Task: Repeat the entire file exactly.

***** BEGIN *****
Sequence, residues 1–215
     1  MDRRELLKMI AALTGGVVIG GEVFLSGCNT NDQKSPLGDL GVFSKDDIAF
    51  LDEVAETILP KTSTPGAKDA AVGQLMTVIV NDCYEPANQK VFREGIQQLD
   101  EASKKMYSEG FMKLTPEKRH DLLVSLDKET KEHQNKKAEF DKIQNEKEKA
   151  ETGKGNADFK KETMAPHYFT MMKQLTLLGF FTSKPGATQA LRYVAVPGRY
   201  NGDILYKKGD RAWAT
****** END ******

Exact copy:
Sequence, residues 1–215
     1  MDRRELLKMI AALTGGVVIG GEVFLSGCNT NDQKSPLGDL GVFSKDDIAF
    51  LDEVAETILP KTSTPGAKDA AVGQLMTVIV NDCYEPANQK VFREGIQQLD
   101  EASKKMYSEG FMKLTPEKRH DLLVSLDKET KEHQNKKAEF DKIQNEKEKA
   151  ETGKGNADFK KETMAPHYFT MMKQLTLLGF FTSKPGATQA LRYVAVPGRY
   201  NGDILYKKGD RAWAT